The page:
In another life, Modigliani could have been a talented painter of society portraits. His various drawings of the so-called Amazone, an unnamed Baroness in riding costume, demonstrate his considerable talents for characterisation (almost caricature) as well as his desire to transcend such talents: she is a haughty socialite, on the brink of metamorphosing into one of Modigliani's fey and theatrical temple goddesses. Modigliani might have been happier if he could have admitted that it was to her polite and well-mannered world that he really belonged. Narcotics and alcohol may have been his way of trying to induce, in himself, frenzies that he could not naturally feel; and Modi's tragedy may have been that he expended his life in an attempt to live up to a nickname that did not really describe him.

(Photographs omitted)

Arts and Entertainment
Above the hat of the toy gibbon, artist Mark Roscoe included a ‘ghost of a bird’ and a hidden message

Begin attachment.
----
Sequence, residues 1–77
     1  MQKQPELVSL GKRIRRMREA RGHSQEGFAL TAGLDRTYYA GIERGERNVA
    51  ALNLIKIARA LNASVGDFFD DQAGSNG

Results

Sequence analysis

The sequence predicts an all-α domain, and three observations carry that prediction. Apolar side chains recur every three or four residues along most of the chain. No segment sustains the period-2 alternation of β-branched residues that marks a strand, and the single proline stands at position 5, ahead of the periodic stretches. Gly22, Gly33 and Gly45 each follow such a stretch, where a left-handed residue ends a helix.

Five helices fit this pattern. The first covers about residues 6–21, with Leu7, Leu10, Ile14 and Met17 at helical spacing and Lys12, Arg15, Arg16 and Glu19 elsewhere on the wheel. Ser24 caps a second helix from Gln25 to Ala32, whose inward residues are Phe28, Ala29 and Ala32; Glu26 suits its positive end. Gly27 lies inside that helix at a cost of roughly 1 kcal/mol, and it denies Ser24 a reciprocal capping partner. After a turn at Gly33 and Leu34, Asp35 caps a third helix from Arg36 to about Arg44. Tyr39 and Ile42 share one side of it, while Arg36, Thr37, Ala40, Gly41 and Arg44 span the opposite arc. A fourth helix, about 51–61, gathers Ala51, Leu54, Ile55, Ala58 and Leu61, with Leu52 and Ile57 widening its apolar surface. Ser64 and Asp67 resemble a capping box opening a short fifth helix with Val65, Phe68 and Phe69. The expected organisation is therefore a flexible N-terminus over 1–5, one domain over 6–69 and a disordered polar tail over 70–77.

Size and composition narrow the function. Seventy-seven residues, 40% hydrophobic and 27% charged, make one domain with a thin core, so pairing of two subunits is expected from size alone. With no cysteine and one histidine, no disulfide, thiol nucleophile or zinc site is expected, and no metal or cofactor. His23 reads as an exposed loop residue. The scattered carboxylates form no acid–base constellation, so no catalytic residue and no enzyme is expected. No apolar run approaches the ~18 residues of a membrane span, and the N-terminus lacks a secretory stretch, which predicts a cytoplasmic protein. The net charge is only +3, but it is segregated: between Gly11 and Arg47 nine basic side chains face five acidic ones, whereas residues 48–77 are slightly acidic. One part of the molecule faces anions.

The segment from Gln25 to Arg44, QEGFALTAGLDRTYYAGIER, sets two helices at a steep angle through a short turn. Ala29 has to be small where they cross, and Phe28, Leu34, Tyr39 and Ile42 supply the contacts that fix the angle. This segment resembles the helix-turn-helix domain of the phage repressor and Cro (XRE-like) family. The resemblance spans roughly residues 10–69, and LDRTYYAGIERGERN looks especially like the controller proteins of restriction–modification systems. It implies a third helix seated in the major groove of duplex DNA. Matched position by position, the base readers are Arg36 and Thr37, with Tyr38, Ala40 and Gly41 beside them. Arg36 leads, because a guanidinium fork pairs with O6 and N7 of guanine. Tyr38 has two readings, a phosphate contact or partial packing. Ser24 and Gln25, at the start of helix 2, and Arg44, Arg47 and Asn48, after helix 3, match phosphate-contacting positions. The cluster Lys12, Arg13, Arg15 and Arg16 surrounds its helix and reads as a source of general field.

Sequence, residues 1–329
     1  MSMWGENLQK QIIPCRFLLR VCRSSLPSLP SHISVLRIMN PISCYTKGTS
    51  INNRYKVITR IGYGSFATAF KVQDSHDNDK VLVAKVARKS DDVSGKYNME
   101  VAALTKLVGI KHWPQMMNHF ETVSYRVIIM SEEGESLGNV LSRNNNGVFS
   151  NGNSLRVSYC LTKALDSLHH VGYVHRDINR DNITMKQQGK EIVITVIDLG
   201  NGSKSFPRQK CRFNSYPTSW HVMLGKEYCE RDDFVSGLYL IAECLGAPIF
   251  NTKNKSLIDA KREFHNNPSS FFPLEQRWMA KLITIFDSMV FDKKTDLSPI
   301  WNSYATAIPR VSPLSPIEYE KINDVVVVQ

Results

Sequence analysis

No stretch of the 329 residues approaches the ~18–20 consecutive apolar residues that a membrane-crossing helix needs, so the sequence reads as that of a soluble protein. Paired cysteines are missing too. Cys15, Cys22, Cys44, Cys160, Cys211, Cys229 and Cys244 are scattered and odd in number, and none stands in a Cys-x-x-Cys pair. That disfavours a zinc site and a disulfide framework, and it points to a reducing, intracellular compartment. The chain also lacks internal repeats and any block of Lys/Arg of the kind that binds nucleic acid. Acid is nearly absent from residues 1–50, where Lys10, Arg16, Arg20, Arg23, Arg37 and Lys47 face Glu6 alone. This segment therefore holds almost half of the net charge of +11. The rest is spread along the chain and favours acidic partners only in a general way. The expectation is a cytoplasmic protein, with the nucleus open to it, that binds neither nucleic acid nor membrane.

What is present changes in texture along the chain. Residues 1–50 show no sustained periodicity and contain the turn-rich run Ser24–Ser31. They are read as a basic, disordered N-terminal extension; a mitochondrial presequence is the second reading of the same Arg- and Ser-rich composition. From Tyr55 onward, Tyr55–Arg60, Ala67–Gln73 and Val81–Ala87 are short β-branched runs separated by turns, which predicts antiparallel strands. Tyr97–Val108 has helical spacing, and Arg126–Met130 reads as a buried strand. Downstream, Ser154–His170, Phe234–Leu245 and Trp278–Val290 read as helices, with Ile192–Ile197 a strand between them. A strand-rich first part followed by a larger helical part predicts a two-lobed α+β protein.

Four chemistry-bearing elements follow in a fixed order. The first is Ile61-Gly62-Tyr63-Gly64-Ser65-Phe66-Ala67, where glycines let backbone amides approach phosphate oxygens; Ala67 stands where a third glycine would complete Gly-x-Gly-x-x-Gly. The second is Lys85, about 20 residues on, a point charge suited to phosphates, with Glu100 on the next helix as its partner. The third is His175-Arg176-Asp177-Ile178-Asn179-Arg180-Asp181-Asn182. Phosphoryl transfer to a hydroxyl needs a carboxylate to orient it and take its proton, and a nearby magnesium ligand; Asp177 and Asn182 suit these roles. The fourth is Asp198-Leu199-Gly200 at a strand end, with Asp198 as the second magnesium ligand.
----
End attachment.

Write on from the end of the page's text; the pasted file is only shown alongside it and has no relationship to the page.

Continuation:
art
Arts and Entertainment
Alien: Resurrection, Sigourney Weaver, Winona Ryder
film
Arts and Entertainment
Russell Tovey, Myanna Buring and Julian Rhind Tutt star in Banished

TV reviewGrace Dent: Jimmy McGovern's new drama sheds light on sex slavery in the colonies

Arts and Entertainment
Australia's Eurovision contestant and former Australian Idol winner Guy Sebastian

Eurovision 2015Australian Idol winner unveiled as representative Down Under

Arts and Entertainment
Larry David and Rosie Perez in ‘Fish in the Dark’
theatreReview: Had Fish in the Dark been penned by a civilian it would have barely got a reading, let alone £10m advance sales
Have you tried new the Independent Digital Edition apps?
Arts and Entertainment

ebooksNow available in paperback
Arts and Entertainment

ebooks
Arts and Entertainment
Attenborough with the primates
tv
Arts and Entertainment
Former Communards frontman Jimmy Somerville
music
Arts and Entertainment
Secrets of JK Rowling's Harry Potter workings have been revealed in a new bibliography
arts + ents
Arts and Entertainment
Fearne Cotton is leaving Radio 1 after a decade
radio The popular DJ is leaving for 'family and new adventures'
Arts and Entertainment
arts + ents
Arts and Entertainment
Public Service Broadcasting are going it alone
music
Arts and Entertainment
Eddie Redmayne as transgender artist Lili Elbe in The Danish Girl